GREEN BAY — When a team that began the year with Super Bowl aspirations — even ones that were fantastical, as it turns out — ends it below .500 and misses the playoffs, the question is simple: What went wrong?
The answer is far more complicated.
From a future Pro Football Hall of Fame quarterback who had a hard time being patient with talented-but-raw rookie receivers and wound up having the worst statistical season of his career; to a coaching brain drain on the offensive side of the ball and player-to-coach frustration on the defensive side of it; to overvaluation of some of the talent, even as the draft class had a rare immediate impact; to flat-out inept on-field execution, especially in some of the areas that ultimately decide who wins and who loses; to the concept of “complementary football” proving exasperatingly elusive, the story of the 2022 Green Bay Packers writ large is this:
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The expectations far outweighed reality, with a not-as-good-as-advertised defense, an offense missing the best wide receiver in football, a personnel department that didn’t get enough of a return on its heavy capital investments on defense, and a coaching staff that couldn’t find a way out of a midseason tailspin that saw the team lose 7 of 8 games and have zero margin for error at the end of the year as a result.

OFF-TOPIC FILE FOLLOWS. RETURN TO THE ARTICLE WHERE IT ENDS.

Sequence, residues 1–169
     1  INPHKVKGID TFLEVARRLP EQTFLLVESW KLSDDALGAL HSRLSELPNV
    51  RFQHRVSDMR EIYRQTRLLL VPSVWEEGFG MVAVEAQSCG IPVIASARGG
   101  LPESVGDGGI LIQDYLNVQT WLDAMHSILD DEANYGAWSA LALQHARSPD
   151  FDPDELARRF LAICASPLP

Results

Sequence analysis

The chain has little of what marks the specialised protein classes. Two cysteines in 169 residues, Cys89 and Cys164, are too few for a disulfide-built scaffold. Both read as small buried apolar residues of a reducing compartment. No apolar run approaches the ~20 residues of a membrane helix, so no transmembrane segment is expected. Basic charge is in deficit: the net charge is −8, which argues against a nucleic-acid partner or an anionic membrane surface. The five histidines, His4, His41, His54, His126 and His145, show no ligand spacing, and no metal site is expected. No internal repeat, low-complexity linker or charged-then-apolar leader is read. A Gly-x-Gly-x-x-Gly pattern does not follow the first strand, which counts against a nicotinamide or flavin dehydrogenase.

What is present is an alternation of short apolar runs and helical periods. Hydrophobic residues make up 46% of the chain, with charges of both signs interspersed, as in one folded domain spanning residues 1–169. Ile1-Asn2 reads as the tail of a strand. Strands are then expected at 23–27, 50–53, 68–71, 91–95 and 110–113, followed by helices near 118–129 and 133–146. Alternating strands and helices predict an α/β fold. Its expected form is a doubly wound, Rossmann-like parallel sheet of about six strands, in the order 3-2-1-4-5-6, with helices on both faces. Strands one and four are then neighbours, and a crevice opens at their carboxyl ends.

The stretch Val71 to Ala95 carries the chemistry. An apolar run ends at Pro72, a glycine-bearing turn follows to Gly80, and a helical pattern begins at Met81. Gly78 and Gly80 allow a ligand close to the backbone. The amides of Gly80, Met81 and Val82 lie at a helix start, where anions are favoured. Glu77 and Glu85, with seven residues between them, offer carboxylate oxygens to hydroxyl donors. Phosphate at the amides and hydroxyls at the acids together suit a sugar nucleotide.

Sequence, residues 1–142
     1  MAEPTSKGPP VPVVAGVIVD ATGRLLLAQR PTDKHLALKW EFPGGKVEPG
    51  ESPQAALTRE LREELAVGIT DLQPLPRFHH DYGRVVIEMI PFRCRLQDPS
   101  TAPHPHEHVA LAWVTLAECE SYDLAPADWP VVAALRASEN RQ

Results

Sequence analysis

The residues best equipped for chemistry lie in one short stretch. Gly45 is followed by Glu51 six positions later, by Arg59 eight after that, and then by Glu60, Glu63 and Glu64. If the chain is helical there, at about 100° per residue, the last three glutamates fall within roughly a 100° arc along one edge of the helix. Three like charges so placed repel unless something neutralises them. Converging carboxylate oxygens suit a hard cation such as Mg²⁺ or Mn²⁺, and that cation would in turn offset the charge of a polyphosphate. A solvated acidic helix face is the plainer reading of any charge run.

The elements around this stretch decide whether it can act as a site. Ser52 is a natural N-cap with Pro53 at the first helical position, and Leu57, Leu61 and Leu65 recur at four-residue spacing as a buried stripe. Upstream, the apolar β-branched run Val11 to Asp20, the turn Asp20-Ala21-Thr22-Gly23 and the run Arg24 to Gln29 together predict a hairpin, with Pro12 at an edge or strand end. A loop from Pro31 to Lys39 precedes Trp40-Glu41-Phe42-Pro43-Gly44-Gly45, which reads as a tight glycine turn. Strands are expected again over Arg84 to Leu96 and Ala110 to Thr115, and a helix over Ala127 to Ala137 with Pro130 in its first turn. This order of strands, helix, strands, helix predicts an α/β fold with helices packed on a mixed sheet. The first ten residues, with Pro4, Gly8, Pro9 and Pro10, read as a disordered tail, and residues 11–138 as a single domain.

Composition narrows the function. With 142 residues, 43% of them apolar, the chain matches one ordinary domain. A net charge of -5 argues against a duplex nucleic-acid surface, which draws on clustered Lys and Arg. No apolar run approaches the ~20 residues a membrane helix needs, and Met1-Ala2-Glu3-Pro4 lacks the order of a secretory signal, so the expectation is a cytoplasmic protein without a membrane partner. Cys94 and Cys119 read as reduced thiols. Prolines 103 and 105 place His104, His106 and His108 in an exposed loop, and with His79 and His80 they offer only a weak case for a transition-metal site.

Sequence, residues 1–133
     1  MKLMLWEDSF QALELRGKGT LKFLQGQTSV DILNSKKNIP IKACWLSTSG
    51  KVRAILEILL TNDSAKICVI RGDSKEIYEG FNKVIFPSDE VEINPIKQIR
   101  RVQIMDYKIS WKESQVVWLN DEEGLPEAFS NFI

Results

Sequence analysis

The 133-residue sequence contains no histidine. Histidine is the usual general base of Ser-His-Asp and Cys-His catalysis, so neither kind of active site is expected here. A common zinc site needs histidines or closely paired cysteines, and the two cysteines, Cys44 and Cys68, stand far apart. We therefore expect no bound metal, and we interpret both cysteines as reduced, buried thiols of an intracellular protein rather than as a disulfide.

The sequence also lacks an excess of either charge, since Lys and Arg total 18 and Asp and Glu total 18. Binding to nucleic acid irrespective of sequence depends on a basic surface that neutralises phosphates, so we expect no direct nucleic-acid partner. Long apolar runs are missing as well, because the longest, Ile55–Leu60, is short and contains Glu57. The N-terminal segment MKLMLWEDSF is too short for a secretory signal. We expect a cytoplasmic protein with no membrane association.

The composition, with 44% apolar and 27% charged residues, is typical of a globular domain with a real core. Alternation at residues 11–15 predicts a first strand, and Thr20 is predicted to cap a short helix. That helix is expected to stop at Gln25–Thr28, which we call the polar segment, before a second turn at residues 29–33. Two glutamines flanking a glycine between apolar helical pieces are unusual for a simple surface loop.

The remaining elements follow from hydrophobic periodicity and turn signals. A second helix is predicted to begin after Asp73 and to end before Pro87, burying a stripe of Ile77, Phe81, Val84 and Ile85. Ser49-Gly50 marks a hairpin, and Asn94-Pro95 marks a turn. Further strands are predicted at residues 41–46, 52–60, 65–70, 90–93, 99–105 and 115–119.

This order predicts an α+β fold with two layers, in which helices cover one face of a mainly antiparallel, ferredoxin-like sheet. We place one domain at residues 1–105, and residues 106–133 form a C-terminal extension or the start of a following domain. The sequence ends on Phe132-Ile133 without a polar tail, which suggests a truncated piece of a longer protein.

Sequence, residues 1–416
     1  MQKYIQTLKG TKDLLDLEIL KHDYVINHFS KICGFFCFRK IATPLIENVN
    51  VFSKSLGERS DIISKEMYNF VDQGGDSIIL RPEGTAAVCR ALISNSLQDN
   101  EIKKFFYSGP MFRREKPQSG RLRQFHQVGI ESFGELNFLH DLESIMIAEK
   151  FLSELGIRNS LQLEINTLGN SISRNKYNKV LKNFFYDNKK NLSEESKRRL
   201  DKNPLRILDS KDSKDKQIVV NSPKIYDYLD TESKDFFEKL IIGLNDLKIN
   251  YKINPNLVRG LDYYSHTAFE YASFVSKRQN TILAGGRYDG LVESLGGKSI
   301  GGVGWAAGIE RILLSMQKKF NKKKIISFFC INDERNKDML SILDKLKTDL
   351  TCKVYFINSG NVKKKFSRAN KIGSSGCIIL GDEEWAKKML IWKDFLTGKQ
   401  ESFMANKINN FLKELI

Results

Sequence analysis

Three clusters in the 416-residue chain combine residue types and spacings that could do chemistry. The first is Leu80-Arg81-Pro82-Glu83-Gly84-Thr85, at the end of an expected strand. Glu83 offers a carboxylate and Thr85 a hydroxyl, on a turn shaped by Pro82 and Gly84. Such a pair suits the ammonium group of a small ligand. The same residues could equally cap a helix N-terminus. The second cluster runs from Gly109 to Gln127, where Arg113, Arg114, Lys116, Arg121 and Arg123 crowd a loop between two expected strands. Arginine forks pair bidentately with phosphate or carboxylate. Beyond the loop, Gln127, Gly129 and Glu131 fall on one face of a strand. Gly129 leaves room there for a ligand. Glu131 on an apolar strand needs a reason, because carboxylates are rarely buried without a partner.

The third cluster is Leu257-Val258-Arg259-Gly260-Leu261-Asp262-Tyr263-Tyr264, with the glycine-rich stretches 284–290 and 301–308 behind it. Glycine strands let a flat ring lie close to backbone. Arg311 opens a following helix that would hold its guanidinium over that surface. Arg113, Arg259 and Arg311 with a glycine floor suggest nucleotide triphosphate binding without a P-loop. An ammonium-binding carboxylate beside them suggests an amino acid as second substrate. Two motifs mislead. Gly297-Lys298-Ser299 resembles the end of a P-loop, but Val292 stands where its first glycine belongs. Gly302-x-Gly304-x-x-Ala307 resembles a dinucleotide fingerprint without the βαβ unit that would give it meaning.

And so, general manager Brian Gutekunst and head coach Matt LaFleur head into the offseason trying to contend while continuing an on-the-fly rebuild, quarterback Aaron Rodgers begins his retirement ruminations intrigued by his young teammates’ potential but unsure if he’s willing to go through the process of getting set for a 19th NFL season, and the fan base openly wonders if hitting the reset button and kicking off the Jordan Love era is the right play — while the fear of a return to the mediocrity of the 1970s and 1980s is palpable.
“There’s a lot that goes into it, and I think that’s a lot of the lessons that you learn when you’re dealing with some of the stuff that we dealt with: You realize there’s even more outside of your control (than you thought),” Rodgers said in the immediate aftermath of the Packers’ 20-16 season-ending loss to the Detroit Lions, a defeat that came when a victory would have sent the Packers into the postseason as the NFC’s seventh and final playoff seed with a 9-8 record. “And then the stuff that was in our control, we just weren’t very good for a long stretch, and that obviously hurt us and put us in this position. And then we played (against the Lions) like we did — inconsistent throughout the season.”
For LaFleur, that inconsistency proved maddening, and was underscored by the way his team played in a Jan. 1 win over the NFC North division champion Minnesota Vikings at Lambeau Field, when the offense, defense and special teams all played well simultaneously — a far too rare occurrence throughout the year.
“There’s a lot of things that we didn’t do consistently enough throughout the course of the season that’s led us to this point,” LaFleur said. “So, collectively it wasn’t good enough.